Dubbed by the New York Times “the lawyer everyone wants,” Boies has indeed been courted by government and major corporations alike, and by a host of the famous and powerful. His clients have included Calvin Klein; Don Imus; George Steinbrenner; and Garry Shandling, as well as companies such as DuPont; Altria; Lloyd’s of London; and American Express. He has won record-breaking damages for consumers in cases against Sotheby’s and Christie’s and from major pharmaceutical companies worldwide, for price-fixing. His combination of legal know-how, meticulous preparation, and high-risk tactics at trial has earned him the sobriquet “the Michael Jordan of the courtroom.”

Written in the straightforward, sympathetic style that characterizes his courtroom presence, Courting Justice examines the varied clientele, behind-the-scenes dramas, and eleventh-hour strategies that have catapulted Boies to the top of the legal profession. His memoir ranges from his now-famous deposition of Bill Gates to the media-saturated battles of defending Vice President Al Gore during the 2000 Florida recount frenzy. when for days on end it was this one laconic nonpolitician who was asked to explain to the American people how their president was being decided.

Through gripping accounts of some of his most notable cases, Boies brings to life not only his high-profile battles in and out of court but the details of his own life, from an unassuming boyhood in small-town Illinois and adolescence on the streets of Compton, to his brief career as a cardsharp (which helped hone his photographic memory), his lifelong fight with dyslexia and the lessons he learned in law schools—one of which he was asked to leave.

Inspiring, revealing, and compulsively readable, Courting Justice is an insider’s look at the American legal system, highlighting both its strengths and its weaknesses, the ways it can be abused and the ways in which, at its best, it defends our liberties.David Boies’s memoir should be a bestseller for two simple reasons. First, his spectacular legal career, representing clients as diverse as Al Gore, George Steinbrenner, the U.S. Justice Department, and Calvin Klein, provides ample material for a compelling exploration of the practice of law in its most high-profile glory. And secondly, the book seems bound to sell well simply because most enterprises Boies gets himself involved with, from lawsuits to Las Vegas gambling, tend to pay off big. In Courting Justice, Boies traces the intricacies of numerous cases, such as Bush v. Gore in the hotly contested 2000 Florida recount, Steinbrenner’s action against Major League Baseball, and the U.S. Government’s antitrust litigation against Microsoft. At the same time he sheds light on the legal profession itself, exploring the politics of the profession and the power plays endemic to it. As though presenting his cases to a jury, Boies lays out the framework and issues of each case in a patient, step-by-step manner that illuminates the nature of the litigation and Boies’s strategy while also supporting the narrative arc of the story he’s trying to tell. As with many top lawyers, there is more than a dollop of ego and pride in Boies’s accounts. Throughout Courting Justice Boies portrays himself as the voice of reason, possessed of a shrewd sagacity that his rivals and peers can only admire with slack-jawed amazement. Then again, when you look at the numerous legal triumphs and precedent-setting cases he was involved in, especially during the late 1990s, his arrogance is perhaps well earned. Regardless, it lends confidence to his outstanding ability to turn a phrase and tell a story, which, combined with the numerous stories he has to tell, makes David Boies’s latest effort a success once again. –John Moe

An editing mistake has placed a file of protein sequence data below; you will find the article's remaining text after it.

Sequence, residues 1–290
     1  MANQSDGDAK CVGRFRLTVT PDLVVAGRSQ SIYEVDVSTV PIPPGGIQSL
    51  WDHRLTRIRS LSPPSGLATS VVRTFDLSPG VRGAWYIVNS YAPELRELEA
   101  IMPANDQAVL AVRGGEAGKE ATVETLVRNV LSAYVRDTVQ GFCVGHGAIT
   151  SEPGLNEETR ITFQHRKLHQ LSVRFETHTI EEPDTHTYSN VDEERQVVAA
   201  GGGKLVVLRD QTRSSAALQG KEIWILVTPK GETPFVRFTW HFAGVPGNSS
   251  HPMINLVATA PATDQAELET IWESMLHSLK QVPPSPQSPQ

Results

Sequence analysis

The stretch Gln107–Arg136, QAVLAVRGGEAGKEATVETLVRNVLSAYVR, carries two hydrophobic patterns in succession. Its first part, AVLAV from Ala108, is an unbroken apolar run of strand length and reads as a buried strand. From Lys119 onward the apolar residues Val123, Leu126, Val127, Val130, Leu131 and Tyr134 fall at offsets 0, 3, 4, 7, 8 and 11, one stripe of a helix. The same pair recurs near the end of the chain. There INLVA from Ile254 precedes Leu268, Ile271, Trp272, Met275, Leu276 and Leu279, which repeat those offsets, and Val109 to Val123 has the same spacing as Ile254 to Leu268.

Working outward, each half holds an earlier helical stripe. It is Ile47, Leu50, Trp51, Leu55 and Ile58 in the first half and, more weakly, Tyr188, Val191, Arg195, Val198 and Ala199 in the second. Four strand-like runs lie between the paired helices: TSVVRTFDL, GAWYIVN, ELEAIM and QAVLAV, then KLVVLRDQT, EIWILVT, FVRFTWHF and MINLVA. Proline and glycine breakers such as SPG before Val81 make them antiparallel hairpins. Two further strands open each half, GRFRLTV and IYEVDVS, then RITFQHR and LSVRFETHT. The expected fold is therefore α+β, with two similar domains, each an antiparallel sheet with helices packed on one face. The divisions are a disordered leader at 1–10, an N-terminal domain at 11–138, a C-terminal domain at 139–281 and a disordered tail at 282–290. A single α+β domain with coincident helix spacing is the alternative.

List Price: $ 25.95

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Be the first to comment - What do you think?  Posted by - November 9, 2010 at 8:26 pm

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Rick Perry says Bush was guilty of ‘big government’ overspending

Rick Perry says Bush was guilty of ‘big government’ overspending
The Texas governor says his predecessor will be well-remembered by history, but not for his fiscal policies.
Read more on Dallas Morning News

Celina city council, friends mourn passing of Brad Glendening
Brad Glendening proposed to DonnaCarol in the middle of a game of charades. He signed “Will U marry…”, said the word me, went down on his knees and presented her with a ring.
Read more on The Celina Record

Be the first to comment - What do you think?  Posted by - at 3:12 pm

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If Obama was a criminal defense lawyer would he be famous for his “Bush Defense”?

by iNkMan_

Question by : If Obama was a criminal defense lawyer would he be famous for his “Bush Defense”?
Blame everything on Bush

Best answer:

Answer by Andreas
He’s been in office for 7 months. Let’s take a look at how things are about 3 years from now.

Give your answer to this question below!

8 comments - What do you think?  Posted by - November 6, 2010 at 7:24 am